From Hyundai’s website, the 2013 Sonata will get 24 miles per gallon (mpg) in the city, and 35 mpg on the highway. The hybrid will get 35 mpg in the city, and 40 mpg on the highway.

An average driver drives about 12,000 miles a year. Suppose that you expect to drive about 75% of that in the city, so 9,000 city miles a year, and 3,000 highway miles a year.

We can then find the number of gallons each car would require for the year.

\displaystyle{9000}\text{ city miles}\cdot\frac{1\text{ gallon}}{24\text{ city miles}}+3000\text{ highway miles}\cdot\frac{1\text{ gallon}}{35\text{ highway miles}}=460.7\text{ gallons}

If gas in your area averages about $3.50 per gallon, we can use that to find the running cost:

\displaystyle{460.7}\text{ gallons}\cdot\frac{\$3.50}{\text{gallon}}=\$1612.45

While both the absolute and relative comparisons are useful here, they still make it hard to answer the original question, since “is it worth it” implies there is some tradeoff for the gas savings. Indeed, the hybrid Sonata costs about $25,850, compared to the base model for the regular Sonata, at $20,895.

To better answer the “is it worth it” question, we might explore how long it will take the gas savings to make up for the additional initial cost. The hybrid costs $4965 more. With gas savings of $451.10 a year, it will take about 11 years for the gas savings to make up for the higher initial costs.

We can conclude that if you expect to own the car 11 years, the hybrid is indeed worth it. If you plan to own the car for less than 11 years, it may still be worth it, since the resale value of the hybrid may be higher, or for other non-monetary reasons. This is a case where math can help guide your decision, but it can’t make it for you.

This question pulls together all the skills discussed previously on this page, as the video demonstration illustrates.

#1. Click here to try this problem.

#2. Click here to try this problem.

#3. Click here to try this problem.

Governments collect taxes to pay for the services they provide. In the United States, federal income taxes help fund the military, the environmental protection agency, and thousands of other programs. Property taxes help fund schools. Gasoline taxes help pay for road improvements. While very few people enjoy paying taxes, they are necessary to pay for the services we all depend upon.

Taxes can be computed in a variety of ways, but are typically computed as a percentage of a sale, of one’s income, or of one’s assets.

Example: Sales Tax

The sales tax rate in a city is 9.3%. How much sales tax will you pay on a $140 purchase? Solution:

The sales tax will be 9.3% of $140. To compute this, we multiply $140 by the percent written as a decimal: $140(0.093) = $13.02.

Click here to try another version of this problem:

When taxes are not given as a fixed percentage rate, sometimes it is necessary to calculate the effective tax rate :   the equivalent percent rate of the tax paid out of the dollar amount the tax is based on.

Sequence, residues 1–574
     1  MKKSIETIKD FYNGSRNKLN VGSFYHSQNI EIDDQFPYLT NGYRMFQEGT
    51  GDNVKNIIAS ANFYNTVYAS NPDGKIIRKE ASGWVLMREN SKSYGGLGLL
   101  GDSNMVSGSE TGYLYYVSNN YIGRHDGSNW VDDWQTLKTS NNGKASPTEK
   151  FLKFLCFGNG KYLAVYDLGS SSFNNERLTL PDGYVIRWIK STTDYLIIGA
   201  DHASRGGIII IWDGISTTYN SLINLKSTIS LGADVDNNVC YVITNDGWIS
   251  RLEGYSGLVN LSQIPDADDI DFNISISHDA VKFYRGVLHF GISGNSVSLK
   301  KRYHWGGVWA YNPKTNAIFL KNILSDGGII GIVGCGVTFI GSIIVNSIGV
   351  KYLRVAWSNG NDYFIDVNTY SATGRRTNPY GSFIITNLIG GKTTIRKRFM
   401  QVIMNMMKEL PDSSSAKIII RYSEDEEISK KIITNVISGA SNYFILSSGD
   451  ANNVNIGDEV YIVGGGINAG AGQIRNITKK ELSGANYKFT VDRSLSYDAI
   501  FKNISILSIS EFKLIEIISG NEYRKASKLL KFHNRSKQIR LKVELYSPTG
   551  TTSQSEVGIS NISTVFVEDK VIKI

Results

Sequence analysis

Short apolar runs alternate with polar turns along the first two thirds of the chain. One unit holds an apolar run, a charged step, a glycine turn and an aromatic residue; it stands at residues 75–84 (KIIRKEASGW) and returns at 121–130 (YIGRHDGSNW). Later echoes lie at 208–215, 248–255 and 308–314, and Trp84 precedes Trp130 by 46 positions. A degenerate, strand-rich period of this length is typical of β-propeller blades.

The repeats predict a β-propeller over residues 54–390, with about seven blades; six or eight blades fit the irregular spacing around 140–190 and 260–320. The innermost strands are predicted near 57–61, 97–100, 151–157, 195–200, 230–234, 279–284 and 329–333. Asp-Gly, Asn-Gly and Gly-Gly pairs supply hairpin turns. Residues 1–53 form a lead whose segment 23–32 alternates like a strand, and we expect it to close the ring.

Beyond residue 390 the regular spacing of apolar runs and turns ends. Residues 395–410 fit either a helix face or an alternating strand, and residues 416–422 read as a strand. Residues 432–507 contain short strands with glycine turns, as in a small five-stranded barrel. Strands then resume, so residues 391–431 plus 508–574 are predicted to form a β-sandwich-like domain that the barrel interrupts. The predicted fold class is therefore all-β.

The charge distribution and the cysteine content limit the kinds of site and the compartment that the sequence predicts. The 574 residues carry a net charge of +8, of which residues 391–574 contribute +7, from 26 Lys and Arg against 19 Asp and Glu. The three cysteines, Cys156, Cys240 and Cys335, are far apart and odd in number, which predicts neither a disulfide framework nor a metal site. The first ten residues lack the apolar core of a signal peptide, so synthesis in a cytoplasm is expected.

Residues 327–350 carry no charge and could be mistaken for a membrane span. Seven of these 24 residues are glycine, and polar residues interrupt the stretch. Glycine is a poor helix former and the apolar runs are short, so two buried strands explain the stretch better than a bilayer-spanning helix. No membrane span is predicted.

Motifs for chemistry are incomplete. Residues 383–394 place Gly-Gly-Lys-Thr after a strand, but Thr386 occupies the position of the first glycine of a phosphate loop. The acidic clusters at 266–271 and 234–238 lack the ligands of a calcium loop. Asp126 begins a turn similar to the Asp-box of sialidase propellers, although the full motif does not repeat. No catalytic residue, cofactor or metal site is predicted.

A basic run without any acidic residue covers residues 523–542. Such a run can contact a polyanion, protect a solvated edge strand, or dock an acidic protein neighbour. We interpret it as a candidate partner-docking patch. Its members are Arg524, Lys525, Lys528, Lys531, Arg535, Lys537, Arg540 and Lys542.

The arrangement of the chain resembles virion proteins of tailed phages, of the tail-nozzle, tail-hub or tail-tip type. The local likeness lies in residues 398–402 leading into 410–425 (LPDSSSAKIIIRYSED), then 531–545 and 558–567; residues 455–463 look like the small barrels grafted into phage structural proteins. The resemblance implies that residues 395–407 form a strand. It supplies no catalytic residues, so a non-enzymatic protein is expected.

Example: Property Tax

Jaquim paid $3,200 in property taxes on his house valued at $215,000 last year. What is the effective tax rate? Solution:

We can compute the equivalent percentage: 3200/215000 = 0.01488, or about 1.49% effective rate.

Taxes are often referred to as progressive, regressive, or flat.

Example: Federal Income Tax

The United States federal income tax on earned wages is an example of a progressive tax. People with a higher wage income pay a higher percent tax on their income.

For a single person in 2011, adjusted gross income (income after deductions) under $8,500 was taxed at 10%. Income over $8,500 but under $34,500 was taxed at 15%.

Earning $10,000

Stephen earned $10,000 in 2011. He would pay 10% on the portion of his income under $8,500, and 15% on the income over $8,500.

8500(0.10) = 850     10% of $8500 1500(0.15) = 225      15% of the remaining $1500 of income Total tax:   = $1075

What was Stephen’s effective tax rate?

The effective tax rate paid is 1075/10000 = 10.75%

Example: Gasoline Tax

A gasoline tax is a flat tax when considered in terms of consumption. A tax of, say, $0.30 per gallon is proportional to the amount of gasoline purchased. Someone buying 10 gallons of gas at $4 a gallon would pay $3 in tax, which is $3/$40 = 7.5%. Someone buying 30 gallons of gas at $4 a gallon would pay $9 in tax, which is $9/$120 = 7.5%, the same effective rate.

However, in terms of income, a gasoline tax is often considered a regressive tax. It is likely that someone earning $30,000 a year and someone earning $60,000 a year will drive about the same amount. If both pay $60 in gasoline taxes over a year, the person earning $30,000 has paid 0.2% of their income, while the person earning $60,000 has paid 0.1% of their income in gas taxes.

A sales tax is a fixed percentage tax on a person’s purchases. Is this a flat, progressive, or regressive tax?

While sales tax is a flat percentage rate, it is often considered a regressive tax for the same reasons as the gasoline tax.

Click here to try other tax problems .


This chapter contains material taken from Math in Society (on OpenTextBookStore ) by David Lippman, and is used under a CC Attribution-Share Alike 3.0 United States  (CC BY-SA 3.0 US) license.

This chapter contains material taken from of Math for the Liberal Arts (on Lumen Learning ) by Lumen Learning, and is used under a CC BY: Attribution license.

Solving Problems With Math by Gail Poitrast is licensed under a Creative Commons Attribution 4.0 International License , except where otherwise noted.

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Famous Math Problems

Throughout history, there have been many famous math problems posed that could not be solved at the time. Some conjectures lasted for hundreds of years before being proven or disproven, and some remain unsolved. Wolfram|Alpha has knowledge of many of these famous math problems, including Hilbert's 23 problems and the Millennium Prize problems.

Open Conjectures

Find information about an unsolved math problem.

Get information about a mathematical conjecture:

Learn about one of the smale problems:, ask a question about a conjecture:, solved problems.

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Learn about a mathematical paradox:, get historical information about a theorem:, related examples.